We start working before dawn. First ones to set are 1st AD, 2nd AD, UPM, catering. Followed shortly by our make-up artist and camera crew. The actors drift in. We’re on our third, fourth cups of coffee by 10am. Collectively, we look out for Jimmy, our 80 year-old star, make sure he’s drinking enough water, not losing his cane or his dentures, keep his sides printed at the largest font possible so he can always be working on his lines. His memory plays hard to get, which is what this movie is all about. We flashback to moments in his life as a child, a teen, a young man. We throw his FUNeral. We film his death. We all break down in tears. We laugh when he nonsensically replaces lines like “Remember what happened on Fourth of July?” with “Remember what happened in San Diego?” Jimmy laughs hardest of all. He waits for a quiet moment in the chaos to loudly ask one of his co-stars “Have you ever worked on a farm? Cause you sure know how to milk it.” We all applaud his wit, his stamina, his courage. Our camera department heroically sets up lights in the rain. Day players cycle through, a breath of fresh air when we’re exhausted. We have three on set creatures for emotional support: a cat, a bird, and a chameleon. We’ve got one week to go telling this story of a life, by telling the story of a death. Harold and Maude, we hope we’re making you proud. We’ll let you know when we find out what happened in San Diego.
Is there a better feeling than being completely immersed in a creative project?
Giving every shred of yourself to the execution of an idea. Breathing life into a story, into a dream. I love how the day-to-day self doubt, over analysis, existential dread falls way. You simply don’t have time to indulge in it.
Currently completely married to the creation of my first feature film, Moon Manor, co-created with my best friend of forever Machete Bang Bang. We co-wrote, and are co-directing and co-producing. It’s a coming-of-death story. It’s about a FUN-eral and the moon. And one very special human named Jimmy.
And two years ago at the same exact same time of year I was leading a 23 person crew onto a friend’s secret mountain ganja farm to direct my first significant work of length, Forever Flowers. Watching the teaser now I can still smell the autumn chill, still feel the exhilaration of waking up at dawn to call the shots, to crystallize a story that had been calling to me for years.
What will the next two years bring?
I had my first experience with religious zealots! This was originally going to be a post celebrating that CONFETTI, the wonderful weird short film by @machetebangbang that I acted in and 1st AD’ed won the Vanguard Award for Best Experimental Short at the Lindsey Film Festival (hooray!), BUT THEN, friends who have since become very … passionate … about their religious beliefs started commenting on my Facebook that I clearly worship Lucifer and “serve evil at its core.” I appreciate social media being a platform for discussion, so I’m leaving the comments up. But spreading negativity and judgement does not interest me. You’ve been blocked.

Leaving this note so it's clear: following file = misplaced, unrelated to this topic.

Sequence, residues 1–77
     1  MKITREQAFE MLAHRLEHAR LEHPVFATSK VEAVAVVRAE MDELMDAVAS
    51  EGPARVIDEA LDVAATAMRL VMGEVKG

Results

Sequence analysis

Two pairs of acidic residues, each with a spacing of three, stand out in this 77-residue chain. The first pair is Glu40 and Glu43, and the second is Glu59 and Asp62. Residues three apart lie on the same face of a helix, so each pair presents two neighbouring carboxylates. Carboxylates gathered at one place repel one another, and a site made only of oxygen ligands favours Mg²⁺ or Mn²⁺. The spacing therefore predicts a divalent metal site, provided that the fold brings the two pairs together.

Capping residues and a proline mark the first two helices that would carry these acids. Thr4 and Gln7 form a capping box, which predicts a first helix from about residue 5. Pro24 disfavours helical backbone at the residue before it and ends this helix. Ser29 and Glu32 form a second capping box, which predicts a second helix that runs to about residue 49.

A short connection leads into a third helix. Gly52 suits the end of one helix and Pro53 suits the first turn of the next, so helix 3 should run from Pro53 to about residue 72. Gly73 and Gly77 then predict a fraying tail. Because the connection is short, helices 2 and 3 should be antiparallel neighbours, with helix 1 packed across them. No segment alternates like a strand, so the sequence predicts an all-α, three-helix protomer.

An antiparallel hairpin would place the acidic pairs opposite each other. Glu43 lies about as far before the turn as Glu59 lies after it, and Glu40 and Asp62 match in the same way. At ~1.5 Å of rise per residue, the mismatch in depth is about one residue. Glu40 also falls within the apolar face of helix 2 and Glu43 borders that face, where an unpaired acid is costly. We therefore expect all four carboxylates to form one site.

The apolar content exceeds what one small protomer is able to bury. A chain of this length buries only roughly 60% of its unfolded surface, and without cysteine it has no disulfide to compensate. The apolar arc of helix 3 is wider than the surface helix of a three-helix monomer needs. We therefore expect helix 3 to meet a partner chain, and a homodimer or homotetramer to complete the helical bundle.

On a lighter note, this is one of my favorite films I’ve ever been involved with. The irony is, it’s quite literally about spreading the light. WATCH it here. Congrats, team. This was one for the ages.
In totally unrelated news …
Uproxx Travel sent me to Sun Valley, Idaho last week to attend the Sun Valley Film Festival and to experience experiences, and it was my first time back on skis in 7 years and it didn’t suck. I told myself I quit skiing because it was too expensive, too repetitive, too obnoxious (rich white people sport). Growing up in the Tahoe area with ski bums as parents, I was skiing before I could walk. It’s the one athletic thing I’m pretty good at, and the one thing that was easy to quit when I wanted to move to Spain and needed spending money, so I sold all my gear. Getting back on the mountain last week was surprisingly emotional, and now I know the truth.
I quit skiing because it was too painful a reminder of my family being happy and together, before my mom got sick. She was an excellent skier, the best in our family, and skiing without her felt pointless and so, so cold.
But as I sat on the chairlift in Sun Valley, I remembered to remember the happy memories and not dwell on the sad stuff. And for a moment I was a kid again, my sister and I snuggled between my parents on the lift, life extending only so far as the next hot cocoa we’d get in the lodge, my mom glamorous in her ski onesie, all of us smelling like sunscreen, my dad rubbing my hands to keep them warm.
Another reason I quit is because when I was 7 years old I fell 80 feet off a chairlift (or was it 70 feet when I was 8? I have to check the newspaper article about it), and I’ve been plagued with extreme fear of heights ever since. But that’s a story for the article.